An excerpt from: Louis XIV and the Creation of Versailles

While Gobert, Picard and their successors were establishing a chain of canals and reservoirs, Louis XIV and his ministers continued to entertain hopes of a more spectacular water supply, and it appears that town criers throughout the country invited individuals to submit their ideas and inventions. It may have been in answer to such an advertisement that Baron Arnold de Ville, alderman of Liège, brought before Louis his project for 'raising the waters of the Seine to the summit of the high ground round Louveciennes by means of a gigantic pump. He had already installed one on his own estate at Modaves, and he brought with him to St. Germain Rennequin Sualem) carpenter) also of Liège, who was the constructor, if not the deviser, of this machine.
A working model was made and tried out in the presence of the King towards the end of 1680; it successfully raised the water to the level of the terrace at St. Germain. A site was selected near Bougival, where a chain of islands divided the waters of the Seine, and in 1681 Arnold de Ville and Rennequin Sualem started the construction of the celebrated Machine de Marly. Fourteen gigantic waterwheels, each thirty-six feet in diameter, communicated their movement to two hundred and twenty-one pumps working in relays up the hillside, which raised the water to a height of a hundred and sixty-two metres above the river. It sometimes produced as much as five thousand cubic meters of water a day (twenty-four hours). By the 13th of June 1684 the mechanism was completed and tried out, again in the presence of the King. The result being satisfactory, work was started on the aqueduct which was to carry the water to the big reservoirs of Louveciennes and Le Trou d'Enfer, whence it could be conveyed to the gardens of Marly, or of Versailles or Trianon as occasion demanded.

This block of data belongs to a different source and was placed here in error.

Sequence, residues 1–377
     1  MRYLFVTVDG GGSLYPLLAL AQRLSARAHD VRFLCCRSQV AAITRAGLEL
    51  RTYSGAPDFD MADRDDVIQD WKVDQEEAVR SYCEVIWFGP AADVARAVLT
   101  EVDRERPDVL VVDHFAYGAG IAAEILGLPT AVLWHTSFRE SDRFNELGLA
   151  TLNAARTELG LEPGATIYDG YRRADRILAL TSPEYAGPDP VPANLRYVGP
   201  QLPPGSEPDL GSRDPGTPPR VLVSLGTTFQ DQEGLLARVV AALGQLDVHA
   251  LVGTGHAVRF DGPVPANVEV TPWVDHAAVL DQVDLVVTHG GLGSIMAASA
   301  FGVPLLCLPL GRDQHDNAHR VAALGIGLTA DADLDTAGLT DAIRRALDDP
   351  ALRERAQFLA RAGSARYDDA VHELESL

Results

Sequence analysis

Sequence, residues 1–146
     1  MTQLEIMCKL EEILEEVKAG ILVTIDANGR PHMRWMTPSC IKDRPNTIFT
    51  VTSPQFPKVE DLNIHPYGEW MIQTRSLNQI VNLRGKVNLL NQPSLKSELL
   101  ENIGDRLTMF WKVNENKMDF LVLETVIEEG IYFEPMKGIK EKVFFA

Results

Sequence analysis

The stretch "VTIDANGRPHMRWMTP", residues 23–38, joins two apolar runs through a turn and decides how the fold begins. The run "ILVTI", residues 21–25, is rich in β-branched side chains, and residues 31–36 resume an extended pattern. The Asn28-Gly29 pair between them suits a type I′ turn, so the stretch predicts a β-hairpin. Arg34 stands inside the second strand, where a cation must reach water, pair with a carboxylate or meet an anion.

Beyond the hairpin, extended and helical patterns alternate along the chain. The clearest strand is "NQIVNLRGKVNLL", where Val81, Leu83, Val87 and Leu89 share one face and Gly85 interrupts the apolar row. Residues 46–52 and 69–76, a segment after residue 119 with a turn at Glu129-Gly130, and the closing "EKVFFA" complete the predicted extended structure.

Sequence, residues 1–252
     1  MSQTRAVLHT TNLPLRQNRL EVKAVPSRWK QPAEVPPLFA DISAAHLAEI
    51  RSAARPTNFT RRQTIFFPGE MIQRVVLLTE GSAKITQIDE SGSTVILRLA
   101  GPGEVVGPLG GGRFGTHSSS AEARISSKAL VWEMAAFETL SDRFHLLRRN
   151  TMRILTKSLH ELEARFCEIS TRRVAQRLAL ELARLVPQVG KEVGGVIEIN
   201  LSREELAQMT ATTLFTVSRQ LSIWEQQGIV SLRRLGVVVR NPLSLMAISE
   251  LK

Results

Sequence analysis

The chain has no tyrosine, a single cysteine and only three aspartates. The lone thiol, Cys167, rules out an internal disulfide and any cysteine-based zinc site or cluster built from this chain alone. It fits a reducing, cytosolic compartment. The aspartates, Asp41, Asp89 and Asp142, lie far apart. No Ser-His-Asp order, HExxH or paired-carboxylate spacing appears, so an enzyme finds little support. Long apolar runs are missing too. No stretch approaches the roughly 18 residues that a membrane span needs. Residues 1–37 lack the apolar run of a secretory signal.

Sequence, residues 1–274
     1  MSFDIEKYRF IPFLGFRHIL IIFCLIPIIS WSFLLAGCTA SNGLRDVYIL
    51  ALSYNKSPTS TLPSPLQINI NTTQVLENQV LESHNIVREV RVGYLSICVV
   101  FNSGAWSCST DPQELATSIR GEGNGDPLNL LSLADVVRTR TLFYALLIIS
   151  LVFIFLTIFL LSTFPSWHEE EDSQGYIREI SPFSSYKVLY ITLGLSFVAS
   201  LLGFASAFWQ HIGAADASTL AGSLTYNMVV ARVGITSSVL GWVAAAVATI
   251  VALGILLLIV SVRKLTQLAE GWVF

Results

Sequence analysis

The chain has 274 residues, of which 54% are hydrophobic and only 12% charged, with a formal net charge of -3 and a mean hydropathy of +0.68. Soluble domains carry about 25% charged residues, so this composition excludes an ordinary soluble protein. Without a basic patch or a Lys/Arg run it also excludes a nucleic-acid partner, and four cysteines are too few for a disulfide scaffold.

The aqueduct at Marly, 1874
The total cost was between three and four million livres, but there was also a heavy annual bill for maintenance, for, as Nicodemus Tessin noted, it was "un ouvrage toujours à refaire" [alway a chore to do again]. The wear and tear of the chains which relayed the power of the waterwheels to the upper pumps required a constant supply of spare parts, and soon caused a falling off in the efficiency of the machine; nevertheless it was one of the wonders of its age. Contemporary writers noted with astonishment the complexity of its mechanism, and the perpetual grinding of its wheels and crankshafts, but it was claimed that, apart from the constructors, Vauban was the only man who had fully understood it.
Vauban, one of the ablest engineers of his age, was mostly employed on designing the fortifications necessitated by Louis' expanding frontiers, but in 1685 Louvois gave him the task of planning the most gigantic project for obtaining water that was ever actually put into operation. Although a considerable quantity was already available from the sources just described, it must be remembered that there were some fourteen hundred fountains to be supplied, and their use still had to be rationed. Normally only the basins lying nearest to the Chateau displayed daily, from eight in the morning until eight in the evening. On a special occasion, such as a fête, or the visit of an ambassador or other celebrity, the Grandes Eaux were only in full play for three hours at a time. Although on a far more ambitious scale, the fountains at Versailles were still a long way behind those of the Prince de Condé at Chantilly "qui ne se taissaient ni jour ni nuit" [which, day or night, were never quiet].
Riquet's original idea, however, for bringing the Loire to Versailles had not, it seems, been completely forgotten, and the extension of Gobert's network of reservoirs to the vicinity of Maintenon suggested the possibility of bringing the waters of the river Eure instead. In 1684 La Hire was sent by Louvois to survey the prospect, and reported that the gradients were possible. The most spectacular portion of the works necessitated by this scheme, from Berchères to Maintenon, was put in hand. It consisted of a great embankment, sixty feet high, leading to the aqueduct, where the canal was to recross its own valley within sight of the Château de Maintenon. This aqueduct, most of which can still be seen today, was over five thousand meters long- some seventy meters high, and was to have had three tiers of arcading.

The Aqueduct at Maintenon

Remnants of the Aqueduct at Maintenon
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